My Podcast on Palestine and the ICC — and an Additional Thought

by Kevin Jon Heller

I had the pleasure of doing a podcast yesterday with Mark Leon Goldberg, purveyor of the essential UN Dispatch website, on the possibility of Palestine ratifying the Rome Statute or accepting the Court’s jurisdiction on an ad hoc basis. It’s about 20 minutes long, and you can find it here (or on iTunes).

I do want to mention another aspect of Palestine’s decision — one I hadn’t thought about until I read this excellent article in the Guardian by Joshua Rozenberg. (And it’s not just excellent because he quotes me.) As I discuss in the podcast, Palestine has two roads to a potential ICC investigation of Operation Protective Edge: (1) accept the Court’s jurisdiction on an ad hoc basis retroactive to 29 November 2012, the date of UNGA Res. 69/17; or (2) ratify the Rome Statute and then file an ad hoc declaration retroactive to 29 November 2012. Although both roads would give the ICC jurisdiction over the situation in Gaza, there is actually a critical procedural difference between them — assuming that the OTP wanted to investigate (which I still think is extremely unlikely). If Palestine simply accepts the Court’s jurisdiction on an ad hoc basis, the OTP’s decision to investigate would be considered proprio motu — and that decision would be subject to review by the Pre-Trial Chamber. (See, in that regard, the Cote d’Ivoire situation.) By contrast, if Palestine ratified the Rome Statute and then filed an ad hoc declaration, the OTP’s decision to investigate would be based on the referral of a State Party — and would not be subject to Pre-Trial Chamber review.

We’ll see what happens…

http://opiniojuris.org/2014/08/07/podcast-palestine-icc-additional-thought/

6 Responses

  1. I thought that the wording of article 11(2) of the Statute allows for the “retroactive” (in respect of the entry into force of the Statute for a State becoming a Party) jurisdiction of the Court only if a State … has accepted the jurisdiction of the Court under 12(3) prior to becoming a Party and not for a lodging such a declaration after having become a Party. Also 12(3) seems exclude retroactive acceptance by Parties to the Statute.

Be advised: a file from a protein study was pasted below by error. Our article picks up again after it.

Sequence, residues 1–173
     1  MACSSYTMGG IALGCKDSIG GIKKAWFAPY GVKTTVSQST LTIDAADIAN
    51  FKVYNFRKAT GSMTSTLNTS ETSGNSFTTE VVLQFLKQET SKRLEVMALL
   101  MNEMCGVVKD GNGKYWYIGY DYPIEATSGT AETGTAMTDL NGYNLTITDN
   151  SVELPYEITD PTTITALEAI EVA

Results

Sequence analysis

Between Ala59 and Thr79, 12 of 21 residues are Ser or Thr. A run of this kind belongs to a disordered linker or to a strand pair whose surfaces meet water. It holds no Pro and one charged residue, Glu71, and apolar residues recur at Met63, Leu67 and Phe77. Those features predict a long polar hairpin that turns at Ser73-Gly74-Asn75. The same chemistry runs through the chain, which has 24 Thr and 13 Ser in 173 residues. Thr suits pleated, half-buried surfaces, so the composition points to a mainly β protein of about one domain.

2. Jean Paul,

    Some have argued that, and there is no question 11(2) and 12(3) are not models of drafting clarity. But I don’t see any reason why the drafters of the Rome Statute would have permitted non-parties to accept retroactive jurisdiction but not parties — or would have required the formalistic solution of a state intending to become a party filing an ad hoc declaration one day before ratifying the Rome Statute. (Unless you think the proprio motu/state referral distinction is important enough to justify that asymmetry, which I don’t.) See also Alex Wills’ post at OJ, in which he argues parties are permitted to file ad hoc declarations no less than non-parties:

    http://opiniojuris.org/2013/01/29/the-iccs-retroactive-jurisdiction-revisited/

    I find Alex’s point about RPE 44(1) to be particularly telling.

  3. Actually, you already addressed this aspect in http://opiniojuris.org/2013/01/24/why-it-formally-matters-that-palestine-ratify-the-rome-statute/

    …including the possibility of any (!) State party referring the situation to the Prosecutor, thereby circumventing PT-Chamber review.

  4. Kevin,
    I got the point. Nevertheless also RPE 44 isn’t a model of drafting clarity. RPE 44(1) seems to permit States Party to make a declaration under article 12(3). Nevertheless RPE 44(2) seems, on the contrary, to suggest such declarations are made solely by States not Party, and such States are to be informed about the effect of their declaration under article 12(3) (…).